Brock students learn from Mayan educators in Guatemala

A recent trip has left a lasting impact on students in Brock’s Faculty of Education.

From Friday, Oct. 7 to Monday, Oct. 17, a group of 19 graduate and undergraduate students, along with two faculty members and two translators/project co-ordinators, travelled to Guatemala as part of a field course on global education.

In the past, the group would have split their time learning about Indigenous Mayan communities in two regions of Guatemala. However, when Hurricane Julia hit the country, faculty and staff quickly rearranged the group’s itinerary.

The change in plans led to one of the highlights of the trip.

During their extended stay in Panajachel, the group was able to visit the MAIA school, a new school designed to help rural Mayan girls — a group that rarely finishes secondary school — to complete their education.

“Visiting the MAIA school for women and girls was a huge highlight,” said Bushra Al-Jammal, a fourth-year Child Health student. “It was the most inspiring place.”

For Carsyn Newton, a fourth-year Concurrent Teacher Education student, meeting the teachers at the MAIA school was a profound experience.

“Just to hear how much they’ve had to overcome to be able to be in that position has been inspiring,” said Newton, who also hopes to use the lessons she learned about privilege while on the trip to create a diverse an anti-oppressive classroom in her own teaching.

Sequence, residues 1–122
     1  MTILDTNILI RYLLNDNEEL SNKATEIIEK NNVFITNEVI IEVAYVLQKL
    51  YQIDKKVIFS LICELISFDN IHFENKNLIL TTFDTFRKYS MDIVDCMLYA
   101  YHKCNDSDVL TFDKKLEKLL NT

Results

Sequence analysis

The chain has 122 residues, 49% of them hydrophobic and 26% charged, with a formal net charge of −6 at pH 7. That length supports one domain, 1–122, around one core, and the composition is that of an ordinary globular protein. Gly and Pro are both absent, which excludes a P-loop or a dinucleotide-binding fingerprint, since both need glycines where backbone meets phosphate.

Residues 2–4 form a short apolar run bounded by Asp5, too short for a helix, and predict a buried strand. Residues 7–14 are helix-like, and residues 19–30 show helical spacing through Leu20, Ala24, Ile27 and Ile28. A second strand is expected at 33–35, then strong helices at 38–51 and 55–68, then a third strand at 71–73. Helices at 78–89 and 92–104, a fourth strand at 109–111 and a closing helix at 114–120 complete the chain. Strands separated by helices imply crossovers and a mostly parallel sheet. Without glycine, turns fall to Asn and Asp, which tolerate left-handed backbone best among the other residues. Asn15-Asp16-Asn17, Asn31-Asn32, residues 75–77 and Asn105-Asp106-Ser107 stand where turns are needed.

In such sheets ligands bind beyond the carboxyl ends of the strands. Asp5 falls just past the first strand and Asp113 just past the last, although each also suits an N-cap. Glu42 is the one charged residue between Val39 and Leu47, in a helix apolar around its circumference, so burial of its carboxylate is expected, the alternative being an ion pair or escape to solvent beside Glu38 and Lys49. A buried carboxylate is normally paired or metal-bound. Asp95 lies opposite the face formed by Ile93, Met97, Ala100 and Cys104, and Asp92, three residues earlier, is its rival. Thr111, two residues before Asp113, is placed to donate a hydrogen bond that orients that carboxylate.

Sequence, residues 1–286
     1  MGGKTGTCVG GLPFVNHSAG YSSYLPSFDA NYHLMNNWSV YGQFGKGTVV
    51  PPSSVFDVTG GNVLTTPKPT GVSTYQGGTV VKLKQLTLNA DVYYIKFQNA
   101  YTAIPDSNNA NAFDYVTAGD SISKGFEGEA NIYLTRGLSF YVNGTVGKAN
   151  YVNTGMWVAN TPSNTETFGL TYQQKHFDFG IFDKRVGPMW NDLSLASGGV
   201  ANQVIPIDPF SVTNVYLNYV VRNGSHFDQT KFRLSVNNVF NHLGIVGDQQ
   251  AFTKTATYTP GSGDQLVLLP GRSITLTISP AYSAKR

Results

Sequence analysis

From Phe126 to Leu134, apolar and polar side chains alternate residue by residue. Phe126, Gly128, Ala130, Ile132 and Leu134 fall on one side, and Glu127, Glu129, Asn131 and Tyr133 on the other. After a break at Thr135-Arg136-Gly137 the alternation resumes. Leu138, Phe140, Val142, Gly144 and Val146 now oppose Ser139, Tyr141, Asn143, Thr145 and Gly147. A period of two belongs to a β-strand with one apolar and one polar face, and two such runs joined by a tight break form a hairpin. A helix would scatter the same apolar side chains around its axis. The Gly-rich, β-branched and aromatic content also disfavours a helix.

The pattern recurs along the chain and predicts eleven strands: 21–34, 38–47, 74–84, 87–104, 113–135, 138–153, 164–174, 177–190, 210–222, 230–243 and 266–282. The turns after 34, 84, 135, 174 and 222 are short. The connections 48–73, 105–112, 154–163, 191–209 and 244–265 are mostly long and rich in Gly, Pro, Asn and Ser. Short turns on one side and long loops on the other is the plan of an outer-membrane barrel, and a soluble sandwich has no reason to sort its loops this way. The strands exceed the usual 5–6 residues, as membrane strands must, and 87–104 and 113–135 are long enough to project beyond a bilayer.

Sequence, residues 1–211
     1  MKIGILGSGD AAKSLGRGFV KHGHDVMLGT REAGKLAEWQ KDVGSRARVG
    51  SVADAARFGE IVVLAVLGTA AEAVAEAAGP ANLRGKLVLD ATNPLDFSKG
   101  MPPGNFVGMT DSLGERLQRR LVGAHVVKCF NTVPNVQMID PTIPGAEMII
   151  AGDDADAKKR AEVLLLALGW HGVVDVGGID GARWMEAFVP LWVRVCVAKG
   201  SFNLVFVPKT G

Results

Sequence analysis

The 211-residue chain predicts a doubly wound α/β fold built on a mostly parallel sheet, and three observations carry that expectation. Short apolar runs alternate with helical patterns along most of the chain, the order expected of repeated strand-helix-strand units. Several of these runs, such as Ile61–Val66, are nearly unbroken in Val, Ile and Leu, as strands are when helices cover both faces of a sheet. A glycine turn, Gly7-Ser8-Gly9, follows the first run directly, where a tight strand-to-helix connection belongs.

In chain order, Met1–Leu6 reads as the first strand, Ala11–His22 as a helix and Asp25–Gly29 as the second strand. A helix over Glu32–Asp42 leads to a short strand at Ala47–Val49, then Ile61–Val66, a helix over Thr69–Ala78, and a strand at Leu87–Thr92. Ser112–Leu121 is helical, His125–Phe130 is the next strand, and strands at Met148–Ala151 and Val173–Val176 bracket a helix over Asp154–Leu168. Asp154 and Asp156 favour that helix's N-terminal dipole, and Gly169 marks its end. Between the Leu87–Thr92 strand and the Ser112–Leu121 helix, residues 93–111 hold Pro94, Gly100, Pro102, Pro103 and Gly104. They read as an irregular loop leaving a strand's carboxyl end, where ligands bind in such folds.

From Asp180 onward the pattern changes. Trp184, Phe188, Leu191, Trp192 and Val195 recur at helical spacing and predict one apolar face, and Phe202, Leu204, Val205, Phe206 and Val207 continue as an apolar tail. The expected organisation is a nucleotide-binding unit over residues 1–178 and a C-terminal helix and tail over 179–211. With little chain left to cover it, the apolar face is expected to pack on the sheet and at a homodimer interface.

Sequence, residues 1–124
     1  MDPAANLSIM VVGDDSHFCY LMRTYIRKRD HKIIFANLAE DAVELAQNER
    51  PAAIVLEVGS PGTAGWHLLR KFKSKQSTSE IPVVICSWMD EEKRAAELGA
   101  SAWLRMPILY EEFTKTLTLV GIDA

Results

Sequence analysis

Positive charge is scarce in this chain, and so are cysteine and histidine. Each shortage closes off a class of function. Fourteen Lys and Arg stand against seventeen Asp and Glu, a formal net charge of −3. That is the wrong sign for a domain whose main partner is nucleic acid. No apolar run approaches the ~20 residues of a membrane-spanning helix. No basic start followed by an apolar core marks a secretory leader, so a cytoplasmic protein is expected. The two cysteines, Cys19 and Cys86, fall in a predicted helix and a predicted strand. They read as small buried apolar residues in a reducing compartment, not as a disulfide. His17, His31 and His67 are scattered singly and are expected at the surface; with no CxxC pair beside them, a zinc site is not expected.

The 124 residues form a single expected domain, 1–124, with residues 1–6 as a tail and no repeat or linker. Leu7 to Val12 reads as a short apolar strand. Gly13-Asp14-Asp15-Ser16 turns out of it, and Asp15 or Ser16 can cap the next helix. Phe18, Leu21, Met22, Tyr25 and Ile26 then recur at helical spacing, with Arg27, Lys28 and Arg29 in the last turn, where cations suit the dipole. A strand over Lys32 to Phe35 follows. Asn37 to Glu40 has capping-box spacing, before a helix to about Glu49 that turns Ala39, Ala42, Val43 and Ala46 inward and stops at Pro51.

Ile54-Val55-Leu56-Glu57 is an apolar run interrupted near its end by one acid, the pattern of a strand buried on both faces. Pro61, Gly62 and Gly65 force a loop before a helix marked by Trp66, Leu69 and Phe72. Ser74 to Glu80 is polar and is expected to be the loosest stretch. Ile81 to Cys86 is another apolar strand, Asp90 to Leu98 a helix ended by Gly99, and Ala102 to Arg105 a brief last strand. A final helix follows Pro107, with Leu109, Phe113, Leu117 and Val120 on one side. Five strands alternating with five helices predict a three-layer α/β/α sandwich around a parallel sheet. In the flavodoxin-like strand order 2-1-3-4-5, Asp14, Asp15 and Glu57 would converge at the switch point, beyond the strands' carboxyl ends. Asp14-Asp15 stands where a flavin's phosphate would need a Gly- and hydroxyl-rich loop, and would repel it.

In Guatemala, the Brock students learned how Indigenous Mayan communities are working to preserve their cultures, languages and traditional teachings.

“I think those moments that I really cherished were just engaging with the culture,” said Newton. “Getting to see it from the perspective of those who live there is really beautiful. To have the local people explain their traditions and the process of it was really engaging.”

One of the experiences that stood out most for Newton and Al-Jammal was when the group participated in a traditional fire ceremony on top of a mountain with views of three nearby volcanoes.

“I’m a spiritual person, so it honestly was a little bit emotional,” said Al-Jammal of being blessed by a knowledge keeper during the ceremony.

Before leaving for the trip, the group prepared with classes and resources on culture, history and current issues in the regions they visited, and students also completed reflections and assignments since returning. But, Al-Jammal said nothing compares to the experiential education opportunity of going to Guatemala, which inspired her to begin volunteering with Indigenous communities once she returned to Canada.

“I don’t think anyone who goes on this trip will really be able to grasp the impact it can have on them until they’re there,” she said.

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